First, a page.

Rabbi Ratzon Arusi, the Chief Rabbi of Kiryat Ono and member of the Chief Rabbinate Council, on Wednesday attacked vehemently the precedent ruling of Tel Aviv Municipal Court Judge Itai Hermelin, which empowered groups of sex workers to operate a legal brothel.
Hermelin, who was elevated to municipal judge from his post as instructor for the Criminal Justice Clinic at Tel Aviv University, decided that since by closing down a building where prostitution took place he would be forcing the sex workers to take their business to the streets, he set up conditions under which sex workers could operate the facility legally.
Needless to say, this did not go well with Rabbi Arusi, whose community lies a few miles down the same major thoroughfare, Yitzhak Sadeh Street, where the building of ill repute stands. In a class he gave on Wednesday at the Natzach Israel yeshiva, which was recorded by Srugim, Rabbi Arusi accused Judge Hermelin of turning the entire state of Israel into “one big brothel.”
Rabbi Arusi, who is one of the top experts on integrating Jewish Law into Israeli State Law, criticized “a certain judge who permitted women to establish for themselves a house of ill repute and permitted men to acquire prostitution services.
And that judge has declared that a woman’s possession of her own body is autonomous and the state may not interfere with her life and if this is what she desires — then if she opens a brothel by herself or with her friends it does not constitute an illegal act and she mustn’t be harassed. Likewise the customer is autonomous and if he desires prostitution services there’s no reason to prevent him from receiving them.”
As far as Rabbi Arusi is concerned, the Hermelin ruling might be that gulping sound at the end of the slippery slope of social and spiritual corruption that have engulfed Israel for decades.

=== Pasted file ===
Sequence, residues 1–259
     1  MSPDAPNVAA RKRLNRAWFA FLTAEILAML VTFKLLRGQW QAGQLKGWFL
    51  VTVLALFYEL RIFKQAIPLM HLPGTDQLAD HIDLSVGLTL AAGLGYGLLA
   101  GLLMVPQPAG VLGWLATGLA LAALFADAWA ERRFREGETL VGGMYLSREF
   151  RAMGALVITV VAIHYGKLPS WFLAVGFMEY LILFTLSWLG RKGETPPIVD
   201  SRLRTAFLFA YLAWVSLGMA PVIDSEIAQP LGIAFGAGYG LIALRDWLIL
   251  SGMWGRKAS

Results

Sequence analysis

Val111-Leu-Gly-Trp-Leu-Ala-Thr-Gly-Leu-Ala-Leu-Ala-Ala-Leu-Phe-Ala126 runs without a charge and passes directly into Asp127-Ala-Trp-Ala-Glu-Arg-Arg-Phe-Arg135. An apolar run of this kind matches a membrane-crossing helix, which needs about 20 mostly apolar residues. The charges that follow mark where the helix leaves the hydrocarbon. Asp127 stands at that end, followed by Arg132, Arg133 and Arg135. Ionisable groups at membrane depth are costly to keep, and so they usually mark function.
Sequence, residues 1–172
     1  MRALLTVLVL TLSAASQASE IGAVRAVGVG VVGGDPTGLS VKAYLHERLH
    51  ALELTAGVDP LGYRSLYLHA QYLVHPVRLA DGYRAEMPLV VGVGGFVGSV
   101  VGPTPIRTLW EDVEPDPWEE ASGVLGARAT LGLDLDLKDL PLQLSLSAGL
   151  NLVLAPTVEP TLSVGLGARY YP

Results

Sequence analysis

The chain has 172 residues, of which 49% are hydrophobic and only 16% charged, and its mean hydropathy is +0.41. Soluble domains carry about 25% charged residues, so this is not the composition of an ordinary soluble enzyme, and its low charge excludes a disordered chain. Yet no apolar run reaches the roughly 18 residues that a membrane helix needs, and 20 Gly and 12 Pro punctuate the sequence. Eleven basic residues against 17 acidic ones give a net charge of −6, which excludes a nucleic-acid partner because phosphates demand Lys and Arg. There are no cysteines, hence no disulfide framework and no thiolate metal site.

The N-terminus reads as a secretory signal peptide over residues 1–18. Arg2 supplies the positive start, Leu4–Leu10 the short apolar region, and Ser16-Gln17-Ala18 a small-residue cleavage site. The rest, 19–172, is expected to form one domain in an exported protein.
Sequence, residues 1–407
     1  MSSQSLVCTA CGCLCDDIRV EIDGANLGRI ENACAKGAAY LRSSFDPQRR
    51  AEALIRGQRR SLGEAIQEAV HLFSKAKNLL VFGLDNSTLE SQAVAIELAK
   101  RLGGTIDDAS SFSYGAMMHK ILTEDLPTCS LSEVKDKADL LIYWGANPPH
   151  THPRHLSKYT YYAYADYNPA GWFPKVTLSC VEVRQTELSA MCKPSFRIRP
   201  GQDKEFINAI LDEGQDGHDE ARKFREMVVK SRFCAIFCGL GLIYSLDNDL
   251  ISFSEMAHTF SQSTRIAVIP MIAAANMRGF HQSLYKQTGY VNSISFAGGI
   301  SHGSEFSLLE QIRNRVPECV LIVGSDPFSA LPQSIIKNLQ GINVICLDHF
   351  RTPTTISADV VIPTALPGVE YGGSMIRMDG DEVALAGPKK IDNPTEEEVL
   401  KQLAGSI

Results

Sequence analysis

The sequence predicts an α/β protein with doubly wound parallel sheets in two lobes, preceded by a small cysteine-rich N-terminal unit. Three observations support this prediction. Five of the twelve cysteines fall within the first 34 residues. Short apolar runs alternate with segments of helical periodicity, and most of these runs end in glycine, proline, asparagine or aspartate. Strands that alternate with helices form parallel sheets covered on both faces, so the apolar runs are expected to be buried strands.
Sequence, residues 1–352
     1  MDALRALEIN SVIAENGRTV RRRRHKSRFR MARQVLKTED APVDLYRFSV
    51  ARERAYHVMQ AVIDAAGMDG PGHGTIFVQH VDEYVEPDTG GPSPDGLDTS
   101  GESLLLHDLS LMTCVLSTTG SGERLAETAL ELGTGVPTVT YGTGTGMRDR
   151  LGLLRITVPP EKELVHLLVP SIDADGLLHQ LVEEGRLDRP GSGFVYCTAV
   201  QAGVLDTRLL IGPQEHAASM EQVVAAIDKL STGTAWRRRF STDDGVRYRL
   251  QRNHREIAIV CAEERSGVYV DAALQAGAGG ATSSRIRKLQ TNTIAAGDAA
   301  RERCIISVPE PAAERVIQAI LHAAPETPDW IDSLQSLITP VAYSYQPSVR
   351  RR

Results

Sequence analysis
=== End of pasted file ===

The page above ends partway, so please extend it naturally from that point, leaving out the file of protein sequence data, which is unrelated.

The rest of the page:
“He has brought us to the very state about which the prophet Isaiah screamed: ‘See how the faithful city has become a prostitute! She once was full of justice; righteousness used to dwell in her — but now murderers!’ (Isaiah 1:21). The prophet didn’t refer only to prostitutes, of course. Corruption in government and in the judiciary is also considered prostitution.”
“Judaism is about the sanctity of life,” Rabbi Arusi insisted, explaining, “It means that man is not an animal, but a man, created in the image of God and behaving in this manner. He says yes to having a sex life, but in the framework of holiness and values, not promiscuity and licentiousness.”
It should be noted that the judge’s revolutionary ruling was inspired by the state prosecutor, who was attempting to expose the sex workers as liars, proving undeniably that the sex work in the building on Yitzhak Sadeh Street was actually run in an orderly fashion, in a manner befitting a permanent business.
Soon enough, the judge began to wonder what purpose would be served by shutting down this well-organized facility of ill repute and dumping the women back on the street.
Of course, the downside is, as Rabbi Arusi said, not only accepting openly that one of the things Jews in the Jewish State are allowed to do is use sex workers, but that most Jews today don’t thing this is outrageous.